Myofascial Pain

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Continuing Education Activity

The fascia is made up of solid (muscles) and liquid (blood, lymph) elements and components. The myofascial system comprises contractile muscle tissue and connective tissue. There are other fascial organizations within the myofascial system, such as the nervous and vascular tissue and the lymphatic system. Nervous tissue (axon and various afferents) and the resulting terminations are fasciae. The myofascial system can be a source of pain and functional limitations by creating symptomatic pictures that are not always clear and easy to frame. The pain of the myofascial system derives from the presence of muscular trigger points of the well-localized areas of a taut band, which at the palpation or to the active movement generate local pain or referred pain. There are active trigger points, painful areas to movement or painful even in the absence of movement, and silent trigger points, which become painful only at palpation. This activity outlines the pathophysiology, evaluation, and treatment of myofascial pain and highlights the role of the interprofessional team in managing patients with this condition.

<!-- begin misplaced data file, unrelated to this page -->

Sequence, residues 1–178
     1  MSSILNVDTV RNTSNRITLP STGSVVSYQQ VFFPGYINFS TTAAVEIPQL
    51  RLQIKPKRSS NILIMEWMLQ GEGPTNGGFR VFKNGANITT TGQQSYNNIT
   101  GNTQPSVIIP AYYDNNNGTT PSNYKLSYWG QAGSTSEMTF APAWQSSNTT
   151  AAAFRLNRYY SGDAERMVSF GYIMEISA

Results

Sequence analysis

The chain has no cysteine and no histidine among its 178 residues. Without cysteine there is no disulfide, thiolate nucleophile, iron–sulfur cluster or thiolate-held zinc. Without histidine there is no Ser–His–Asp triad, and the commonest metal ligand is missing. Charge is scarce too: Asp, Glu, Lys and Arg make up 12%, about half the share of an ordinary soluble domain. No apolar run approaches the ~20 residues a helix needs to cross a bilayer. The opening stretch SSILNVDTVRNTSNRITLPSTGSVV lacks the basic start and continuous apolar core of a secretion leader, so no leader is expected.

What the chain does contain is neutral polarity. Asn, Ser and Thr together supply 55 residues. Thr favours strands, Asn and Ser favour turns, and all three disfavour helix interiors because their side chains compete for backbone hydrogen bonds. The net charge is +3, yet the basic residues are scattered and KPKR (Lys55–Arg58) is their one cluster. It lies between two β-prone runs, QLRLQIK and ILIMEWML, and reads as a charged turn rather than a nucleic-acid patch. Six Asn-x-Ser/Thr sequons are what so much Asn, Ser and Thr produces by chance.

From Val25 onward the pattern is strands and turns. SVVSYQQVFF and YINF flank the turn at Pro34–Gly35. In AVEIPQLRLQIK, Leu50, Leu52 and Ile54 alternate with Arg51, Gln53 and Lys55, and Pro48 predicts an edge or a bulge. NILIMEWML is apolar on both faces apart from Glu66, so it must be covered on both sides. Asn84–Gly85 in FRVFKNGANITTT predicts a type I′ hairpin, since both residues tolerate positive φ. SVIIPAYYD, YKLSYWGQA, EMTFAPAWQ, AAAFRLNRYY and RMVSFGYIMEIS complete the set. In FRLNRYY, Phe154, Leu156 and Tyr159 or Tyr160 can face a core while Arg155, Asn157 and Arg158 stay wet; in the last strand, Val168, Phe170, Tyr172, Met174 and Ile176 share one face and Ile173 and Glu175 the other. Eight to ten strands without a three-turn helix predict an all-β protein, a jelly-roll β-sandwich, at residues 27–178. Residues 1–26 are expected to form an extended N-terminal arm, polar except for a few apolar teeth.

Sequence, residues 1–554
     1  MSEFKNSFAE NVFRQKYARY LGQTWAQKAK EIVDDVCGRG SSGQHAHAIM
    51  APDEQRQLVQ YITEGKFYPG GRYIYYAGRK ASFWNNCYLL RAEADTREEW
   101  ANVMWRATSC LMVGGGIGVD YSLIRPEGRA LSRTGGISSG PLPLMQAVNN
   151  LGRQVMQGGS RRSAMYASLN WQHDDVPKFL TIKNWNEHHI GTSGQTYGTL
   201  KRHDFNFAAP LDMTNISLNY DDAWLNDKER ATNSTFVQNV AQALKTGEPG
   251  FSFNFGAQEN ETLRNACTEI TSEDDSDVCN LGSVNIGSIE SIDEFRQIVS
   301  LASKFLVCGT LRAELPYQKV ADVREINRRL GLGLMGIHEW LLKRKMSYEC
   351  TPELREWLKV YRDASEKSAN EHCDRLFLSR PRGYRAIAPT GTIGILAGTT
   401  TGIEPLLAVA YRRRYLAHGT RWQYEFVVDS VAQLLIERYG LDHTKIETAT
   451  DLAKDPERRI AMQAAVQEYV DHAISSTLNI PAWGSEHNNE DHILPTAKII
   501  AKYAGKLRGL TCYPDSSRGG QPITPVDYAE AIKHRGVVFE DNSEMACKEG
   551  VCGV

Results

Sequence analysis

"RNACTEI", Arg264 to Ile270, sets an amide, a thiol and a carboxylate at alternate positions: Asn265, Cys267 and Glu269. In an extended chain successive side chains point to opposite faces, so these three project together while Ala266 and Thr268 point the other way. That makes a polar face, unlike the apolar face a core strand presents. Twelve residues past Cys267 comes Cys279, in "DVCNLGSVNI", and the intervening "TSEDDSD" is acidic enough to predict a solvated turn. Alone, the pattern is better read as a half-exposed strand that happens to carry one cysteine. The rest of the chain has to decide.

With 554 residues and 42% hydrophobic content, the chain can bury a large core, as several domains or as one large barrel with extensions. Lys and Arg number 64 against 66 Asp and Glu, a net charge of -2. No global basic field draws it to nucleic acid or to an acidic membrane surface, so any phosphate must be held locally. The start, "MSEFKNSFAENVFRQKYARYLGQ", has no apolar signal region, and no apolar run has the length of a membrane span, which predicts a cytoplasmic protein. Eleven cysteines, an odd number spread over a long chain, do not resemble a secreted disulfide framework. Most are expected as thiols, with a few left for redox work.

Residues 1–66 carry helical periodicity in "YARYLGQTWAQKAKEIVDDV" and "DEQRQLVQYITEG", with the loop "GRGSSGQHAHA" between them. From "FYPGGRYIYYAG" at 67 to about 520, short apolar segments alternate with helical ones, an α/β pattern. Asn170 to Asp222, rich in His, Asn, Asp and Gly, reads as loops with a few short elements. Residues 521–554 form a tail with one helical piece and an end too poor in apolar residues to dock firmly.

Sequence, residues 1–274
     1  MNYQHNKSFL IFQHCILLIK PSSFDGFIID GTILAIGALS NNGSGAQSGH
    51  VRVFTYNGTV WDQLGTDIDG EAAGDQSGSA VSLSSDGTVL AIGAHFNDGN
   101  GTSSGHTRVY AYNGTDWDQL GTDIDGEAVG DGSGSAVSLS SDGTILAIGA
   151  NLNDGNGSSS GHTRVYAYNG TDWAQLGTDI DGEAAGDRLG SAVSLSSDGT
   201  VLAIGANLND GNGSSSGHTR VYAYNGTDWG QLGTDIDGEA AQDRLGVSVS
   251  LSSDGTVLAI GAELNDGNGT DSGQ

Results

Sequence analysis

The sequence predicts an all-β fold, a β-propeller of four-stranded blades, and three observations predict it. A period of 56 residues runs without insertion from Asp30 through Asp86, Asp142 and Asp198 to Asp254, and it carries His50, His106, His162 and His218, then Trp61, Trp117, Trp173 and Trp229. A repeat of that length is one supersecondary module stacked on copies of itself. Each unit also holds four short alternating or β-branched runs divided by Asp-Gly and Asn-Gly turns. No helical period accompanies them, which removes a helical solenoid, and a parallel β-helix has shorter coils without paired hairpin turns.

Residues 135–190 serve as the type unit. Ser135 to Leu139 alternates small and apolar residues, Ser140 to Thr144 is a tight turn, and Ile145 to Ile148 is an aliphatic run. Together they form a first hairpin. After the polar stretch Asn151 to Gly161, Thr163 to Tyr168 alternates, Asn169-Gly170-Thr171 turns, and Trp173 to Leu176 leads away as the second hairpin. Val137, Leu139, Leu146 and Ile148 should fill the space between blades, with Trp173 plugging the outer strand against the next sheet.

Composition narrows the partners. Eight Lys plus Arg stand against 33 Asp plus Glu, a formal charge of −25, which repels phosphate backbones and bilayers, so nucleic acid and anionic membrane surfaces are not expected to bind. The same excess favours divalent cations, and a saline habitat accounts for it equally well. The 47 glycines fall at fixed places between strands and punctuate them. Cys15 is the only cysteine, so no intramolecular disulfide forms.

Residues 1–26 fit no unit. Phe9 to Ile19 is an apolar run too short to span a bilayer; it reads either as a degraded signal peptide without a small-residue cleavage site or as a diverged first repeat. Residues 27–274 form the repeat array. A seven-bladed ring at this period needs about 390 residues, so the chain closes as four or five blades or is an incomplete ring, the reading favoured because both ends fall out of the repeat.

• Identify the etiology of myofascial pain, with a particular focus on the pathophysiology of muscular trigger points.
  • Outline the typical presentation of a patient on examination with myofascial pain.
  • Summarize the management options available for myofascial pain.
  • Describe interprofessional team strategies for improving care coordination and communication to advance the management of myofascial pain to improve outcomes.


The fascial system consists of solid (muscles, bone, cartilage, and adipose tissue) and liquid (blood, lymph) components.[1][2] The myofascial system comprises contractile muscle and connective tissue. The latter creates the shape of the muscle, penetrates the muscle, and orients the nerve and vascular endings; it has a thickening at the end of the contractile district that forms the insertions and origins of the muscle on the bone, thereby transmitting movement from the muscles to the bones to which they are attached. Within the myofascial system, the other components include the nervous, vascular, and lymphatic systems. Nervous tissue (axon and various afferents) and the resulting terminations are enclosed in multiple layers of fascia.[3] Different tissues work in harmony to make up the myofascial continuum. The fascia integrates all the muscles contained within into an interconnected network, and it would be incorrect to consider a muscular district as a separate entity.[4][5]